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Gordon's D-Zone Arcive (2006-2014)

Saturday, September 23, 2006


This morning I woke up feeling rather good about myself and after having a shower in my accessible cubicle, I proceeded to check whether I could write something for the blog. As Thursday was the day we had to move back to our winter residence, I thought that I should give some time before I could settle down. But of course, given that I still don’t have my usual internet connection ready I realised that I had to make do with dialup… So things are pretty disordered over here and I should have about a week to deal with my old environment again. And really there’s nothing that pretty about my state of order. Right now.

And disorder isn’t only out there in my physical world... that’s because I realised more and more how I have felt rather let down by something I read. But first a little background.

When I was in my teens, I was particularly interested in the rise of the black civil rights movements in the us, whilst following with interest the development in gender inequalities. True, I might have known at the time but perhaps I was seeking an answer to the question of my own exclusion. What these movements had in common was that they opposed the tradition that upheld the white man as the centre of the universe. And of course, ‘man’ here refers to the male of the species only. I won’t pretend to have been in any way a feminist or spokesperson for black power, but I felt that the message of these social movements touched me in some way.

Although my family and friends (and some other people of course) treated me as any brother/friend/acquaintance, there was a problem when someone outside that circle met me. Admittedly, it was easy to make new friends as I’m usually good company (should put a disclaimer there) but when it came to people, especially from traditional backgrounds (i.e., Christian/medical/charity), things got rather ugly …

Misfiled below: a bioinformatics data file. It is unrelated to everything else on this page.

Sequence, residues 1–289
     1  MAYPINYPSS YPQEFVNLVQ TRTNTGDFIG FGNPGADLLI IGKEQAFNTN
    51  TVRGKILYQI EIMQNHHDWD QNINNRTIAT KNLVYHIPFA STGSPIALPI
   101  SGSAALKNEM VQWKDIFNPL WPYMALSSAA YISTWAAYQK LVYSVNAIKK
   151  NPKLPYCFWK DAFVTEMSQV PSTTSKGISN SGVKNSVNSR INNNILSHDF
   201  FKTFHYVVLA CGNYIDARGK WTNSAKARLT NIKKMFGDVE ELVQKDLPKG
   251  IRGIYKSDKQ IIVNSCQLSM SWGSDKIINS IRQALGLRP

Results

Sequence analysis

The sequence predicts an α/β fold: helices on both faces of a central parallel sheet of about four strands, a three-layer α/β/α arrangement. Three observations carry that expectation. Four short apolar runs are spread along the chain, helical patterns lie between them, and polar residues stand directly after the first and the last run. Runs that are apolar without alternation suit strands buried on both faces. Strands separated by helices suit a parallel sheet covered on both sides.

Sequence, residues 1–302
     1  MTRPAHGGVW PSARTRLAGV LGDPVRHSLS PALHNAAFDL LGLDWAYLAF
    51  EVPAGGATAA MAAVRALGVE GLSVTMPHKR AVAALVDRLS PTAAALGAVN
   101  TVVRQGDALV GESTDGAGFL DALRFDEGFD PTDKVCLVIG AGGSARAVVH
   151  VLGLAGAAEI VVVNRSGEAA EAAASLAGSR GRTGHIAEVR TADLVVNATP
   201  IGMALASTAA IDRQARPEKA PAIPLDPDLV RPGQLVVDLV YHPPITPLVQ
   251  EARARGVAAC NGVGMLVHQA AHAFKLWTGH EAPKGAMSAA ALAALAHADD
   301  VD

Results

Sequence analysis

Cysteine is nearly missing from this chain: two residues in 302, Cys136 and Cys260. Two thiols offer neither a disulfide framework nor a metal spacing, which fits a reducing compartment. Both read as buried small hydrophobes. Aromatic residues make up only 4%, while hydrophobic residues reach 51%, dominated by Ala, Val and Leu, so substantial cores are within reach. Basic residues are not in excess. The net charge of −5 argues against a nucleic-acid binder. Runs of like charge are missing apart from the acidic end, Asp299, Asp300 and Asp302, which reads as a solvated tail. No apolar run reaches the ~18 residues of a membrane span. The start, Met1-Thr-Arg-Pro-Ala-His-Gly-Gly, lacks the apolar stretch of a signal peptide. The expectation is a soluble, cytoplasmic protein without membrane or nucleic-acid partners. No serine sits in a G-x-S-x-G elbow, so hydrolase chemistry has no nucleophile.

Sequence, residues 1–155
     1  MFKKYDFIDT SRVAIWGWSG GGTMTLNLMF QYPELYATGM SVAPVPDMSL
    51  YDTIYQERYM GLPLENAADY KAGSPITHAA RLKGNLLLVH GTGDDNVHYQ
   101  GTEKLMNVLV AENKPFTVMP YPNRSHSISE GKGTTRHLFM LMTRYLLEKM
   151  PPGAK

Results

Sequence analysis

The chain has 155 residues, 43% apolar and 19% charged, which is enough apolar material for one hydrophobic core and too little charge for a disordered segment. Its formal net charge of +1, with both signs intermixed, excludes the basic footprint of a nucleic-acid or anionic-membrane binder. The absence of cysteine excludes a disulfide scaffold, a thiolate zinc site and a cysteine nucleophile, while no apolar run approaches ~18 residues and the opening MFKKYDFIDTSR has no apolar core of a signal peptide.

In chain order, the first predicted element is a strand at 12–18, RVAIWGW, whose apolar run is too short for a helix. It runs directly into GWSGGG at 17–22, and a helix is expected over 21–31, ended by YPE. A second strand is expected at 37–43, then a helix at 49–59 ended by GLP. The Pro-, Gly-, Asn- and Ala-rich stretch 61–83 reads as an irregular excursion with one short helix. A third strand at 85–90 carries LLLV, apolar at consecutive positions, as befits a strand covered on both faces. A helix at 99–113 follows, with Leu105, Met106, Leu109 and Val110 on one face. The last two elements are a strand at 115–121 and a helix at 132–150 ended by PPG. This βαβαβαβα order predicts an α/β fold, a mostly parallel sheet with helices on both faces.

Things that would make it to the top five things I hated as a child:

1. Being talked down to as if I had been promoted four classes – ahead of my friends.

2. Being talked to as if I’m kind of a shadow to my friends, not unlike an imaginary friend...

3. Being showered with praise and flattery as if I had been awarded the Nobel Peace Prize.

4. Being told that I was a ‘special’ kid.

5. Being asked awkward questions about my 'condition' and personal life.

As I was saying, I felt that my reality was not quite like that of the other kids not because I was different but because people perceived me differently. The thing is these ways of viewing people with impairments persist and I am still embarrassed to have to say that I am at still at risk of receiving money to buy myself an ice cream cone.

What upset me however was the more I read about these social movements, the more I realise how ‘disability’ has been totally removed from their agenda. Indeed, in an article I link to above, not only was proof that one was non-disabled part of the lobby to gain equal civil rights but ‘disability’ in other social movements, remains intrinsically a personal problem. To illustrate:

1. Suffragettes (early feminists) did not want to be thrown in the same category of “lunatics, feeble-minded people, crippled, etc” as they argued that being a ‘woman’ was a ‘normal’ thing.

2. The justification for slavery and abolition of black civil rights was traditionally linked to the argument that blacks were intellectually ‘inferior’. This meant that one of the tasks was to disassociate oneself with disabled people.

This is quite a simple sketch of the arguments but you get the idea. Disability was not a political issue but it was indeed bad luck and reasonable cause to deny civil rights.

I now firmly believe that disability is a socio-political issue meaning that my impairment is not a tragedy that justifies my exclusion from the world. Indeed, give me access and what I require and you’ll see me get on with it. But when you are constantly categorised, analysed, scrutinised and largely misunderstood, you start asking yourself whether they are right or not after all. But in truth, when I find myself with friends I cherish and doing the things that I am good at, I realise that it’s not me who they are talking about. But people still scare themselves by saying the most awful of things. These I heard being said about myself and some of my friends:

- It’s a dull life being blind.

- It must be so sad being unable to hear.

- It’s terrible not being able to walk isn’t it?

- Those people cannot speak for themselves (referring to intellectually disabled people)

- He should be locked up somewhere (mental health system users)

All I want to say is that despite whom I really am what I have achieved, or what is to come; the fact remains I am still judged by my impairments. And it is in that I feel strongly attached to other people with impairments. Not because we are all similar or alike but rather because as far as society is concerned, we are all equally excluded.

To read more about the bias in social movement history visit: